Hawaiian tuna poke for beginners

Hawaiian Mango Tuna Poke
Hawaiian Mango Tuna Poke

Hawaiian tuna poke for beginners

If you have never been to #Hawaii, no worries, you can make one of the island’s most popular treats at home. Regardless of when you live!

Pronounced po-kay, this raw fish salad – usually made from tuna – is typically served as an appetizer in Hawaiian cuisine, and sometimes as an entree. Poke is the Hawaiian verb for “section” or “to slice or cut.”

The most popular fish to make poke from is tuna. Outside of that you are talking ceviche, which is a whole other (favorite) topic. The key to making good poke is using very fresh, or high quality previously frozen fish. Does the latter surprise you? Here is why using frozen fish makes sense – the freezing process kills any critters that may be hanging around in your fish.

You should know that there are parasites that are present in certain kinds of fish. Don’t worry, they’re a natural occurrence, not caused by contamination, and according to Seafood Health Facts two types of parasitic worms can infect humans – Anisakiasis is caused by ingesting the larvae of several types of roundworm [aka nematodes] which are found in saltwater fish such as cod, plaice, halibut, rockfish, herring, pollock, sea bass and flounder. Tapeworm infections occur after ingesting the larvae of diphyllobothrium, which is found in freshwater fish such as pike, perch and anadromous (fresh-saltwater) fish such as salmon. For anyone you wish to feed that is pregnant, elderly, very young, or has a compromised immune system this is vary important.

It was not my intent to gross you out, but rather to help you understand that “fresh”, meaning “never frozen” is not always the best option. If you want to make poke and aren’t familiar with your fishmonger, then I’d suggest going for frozen fish. I have used fish that is seconds from the water to frozen fish with great success and no illness.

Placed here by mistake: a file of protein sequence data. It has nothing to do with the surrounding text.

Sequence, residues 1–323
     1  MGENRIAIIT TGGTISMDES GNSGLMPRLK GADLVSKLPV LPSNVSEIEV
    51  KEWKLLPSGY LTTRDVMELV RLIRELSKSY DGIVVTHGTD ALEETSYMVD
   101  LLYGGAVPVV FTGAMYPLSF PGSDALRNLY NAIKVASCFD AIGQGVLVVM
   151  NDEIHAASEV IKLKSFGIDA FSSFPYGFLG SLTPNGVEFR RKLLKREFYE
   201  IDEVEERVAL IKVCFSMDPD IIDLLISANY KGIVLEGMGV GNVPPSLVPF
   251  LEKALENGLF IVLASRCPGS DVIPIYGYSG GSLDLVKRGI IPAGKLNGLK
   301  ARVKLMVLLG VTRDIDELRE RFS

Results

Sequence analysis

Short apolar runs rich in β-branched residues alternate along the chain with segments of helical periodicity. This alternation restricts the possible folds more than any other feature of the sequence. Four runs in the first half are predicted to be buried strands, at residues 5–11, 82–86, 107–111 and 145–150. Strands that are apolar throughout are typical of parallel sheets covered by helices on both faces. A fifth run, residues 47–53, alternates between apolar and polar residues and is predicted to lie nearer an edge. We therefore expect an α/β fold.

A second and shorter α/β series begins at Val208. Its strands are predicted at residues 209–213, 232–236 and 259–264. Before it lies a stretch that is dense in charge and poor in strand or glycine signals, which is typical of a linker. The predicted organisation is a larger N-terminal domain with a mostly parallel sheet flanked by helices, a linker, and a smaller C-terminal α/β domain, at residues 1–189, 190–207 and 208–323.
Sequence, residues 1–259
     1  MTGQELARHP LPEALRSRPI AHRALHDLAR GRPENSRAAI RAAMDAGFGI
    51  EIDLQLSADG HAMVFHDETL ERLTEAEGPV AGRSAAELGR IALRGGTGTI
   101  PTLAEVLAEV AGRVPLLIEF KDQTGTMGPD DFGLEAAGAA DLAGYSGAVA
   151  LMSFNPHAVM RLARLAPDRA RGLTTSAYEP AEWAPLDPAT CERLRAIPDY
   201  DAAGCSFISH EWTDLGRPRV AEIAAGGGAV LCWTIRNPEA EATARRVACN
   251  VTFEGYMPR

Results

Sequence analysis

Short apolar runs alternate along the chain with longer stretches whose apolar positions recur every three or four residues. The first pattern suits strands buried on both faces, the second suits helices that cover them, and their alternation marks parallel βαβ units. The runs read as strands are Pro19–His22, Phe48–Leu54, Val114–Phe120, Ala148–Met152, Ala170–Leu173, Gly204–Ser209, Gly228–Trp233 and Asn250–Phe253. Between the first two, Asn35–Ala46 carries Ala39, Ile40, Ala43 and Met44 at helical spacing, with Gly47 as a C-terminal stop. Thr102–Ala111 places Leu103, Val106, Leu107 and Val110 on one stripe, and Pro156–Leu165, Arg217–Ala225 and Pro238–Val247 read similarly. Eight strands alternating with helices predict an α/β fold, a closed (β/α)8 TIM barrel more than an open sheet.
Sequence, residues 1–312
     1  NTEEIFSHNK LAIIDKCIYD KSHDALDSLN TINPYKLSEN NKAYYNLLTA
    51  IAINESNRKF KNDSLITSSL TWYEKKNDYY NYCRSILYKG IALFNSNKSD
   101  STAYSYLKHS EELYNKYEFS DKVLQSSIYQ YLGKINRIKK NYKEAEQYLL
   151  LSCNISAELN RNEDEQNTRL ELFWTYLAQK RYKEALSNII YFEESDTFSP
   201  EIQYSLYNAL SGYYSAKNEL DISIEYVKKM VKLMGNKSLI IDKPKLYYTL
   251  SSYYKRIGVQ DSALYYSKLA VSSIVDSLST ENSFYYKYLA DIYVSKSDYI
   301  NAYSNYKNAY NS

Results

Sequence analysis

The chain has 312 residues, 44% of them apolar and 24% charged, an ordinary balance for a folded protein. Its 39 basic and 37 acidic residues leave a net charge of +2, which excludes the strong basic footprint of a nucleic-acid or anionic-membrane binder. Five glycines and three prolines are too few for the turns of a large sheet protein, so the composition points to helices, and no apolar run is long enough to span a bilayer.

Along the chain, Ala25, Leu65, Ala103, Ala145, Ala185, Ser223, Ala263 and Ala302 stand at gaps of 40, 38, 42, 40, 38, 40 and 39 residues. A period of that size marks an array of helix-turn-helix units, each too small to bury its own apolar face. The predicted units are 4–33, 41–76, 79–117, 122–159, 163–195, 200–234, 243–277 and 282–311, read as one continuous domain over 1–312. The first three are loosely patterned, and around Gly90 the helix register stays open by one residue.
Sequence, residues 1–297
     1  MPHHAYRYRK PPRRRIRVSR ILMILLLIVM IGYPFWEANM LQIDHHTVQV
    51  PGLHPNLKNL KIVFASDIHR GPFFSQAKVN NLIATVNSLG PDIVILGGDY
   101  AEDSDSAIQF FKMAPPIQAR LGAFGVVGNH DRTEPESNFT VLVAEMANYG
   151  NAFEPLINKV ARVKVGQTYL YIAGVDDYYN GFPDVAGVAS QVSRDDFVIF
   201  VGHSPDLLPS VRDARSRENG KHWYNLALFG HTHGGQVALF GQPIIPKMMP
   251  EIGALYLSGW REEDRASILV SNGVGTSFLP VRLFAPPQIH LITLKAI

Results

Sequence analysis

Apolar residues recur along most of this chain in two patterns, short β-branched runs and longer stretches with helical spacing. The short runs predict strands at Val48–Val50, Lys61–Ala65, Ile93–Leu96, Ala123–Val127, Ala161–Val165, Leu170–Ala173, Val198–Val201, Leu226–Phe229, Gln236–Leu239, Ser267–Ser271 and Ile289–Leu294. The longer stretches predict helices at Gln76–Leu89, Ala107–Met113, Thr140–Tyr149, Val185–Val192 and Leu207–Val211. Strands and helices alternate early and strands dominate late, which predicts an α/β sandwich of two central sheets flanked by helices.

Poke is created in the same vein as ceviche. This Hawaiian classic is casual and is the kind of dish that you pack into a cup for the road, enjoy on the beach listening to reggae or the sounds of the waves crashing against the shore. However, you will find it in high-end restaurants.

Fresh Red Mango
Fresh Red Mango

I love to create poke recipes with fruit and serve it with tortilla chips. But I have also served it as a poke bowl with rice, macadamia nuts and veggies. My sister, Leslie, is crazy for poke, so I have had the pleasure of having her as my recipe tester. The best version has always been the most simple – fish, mango, green onion, garlic drizzled with sesame seeds and toasted sesame seed oil. Check out my poke video on YT for a fun recipe.

Toasted sesame oil
Toasted sesame oil

The recipe featured in this photo is simple – tuna, mango, sesame seeds, green onion, sea salt and toasted sesame seed oil.

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I’m Stephanie Harris-Uyidi, affectionately known as The Posh Pescatarian. I’m a sustainable seafood enthusiast and love sharing recipes, education, and tips for making incredible pescatarian meals. I am an industry expert and an authoritative voice on the pescatarian lifestyle. When I’m not working on new recipes in my lab (AKA: my kitchen!) I enjoy traveling and learning about people, places and culture through food, ingredients, and cooking techniques. I share some of my experiences on my TV show Appetite for Adventure!



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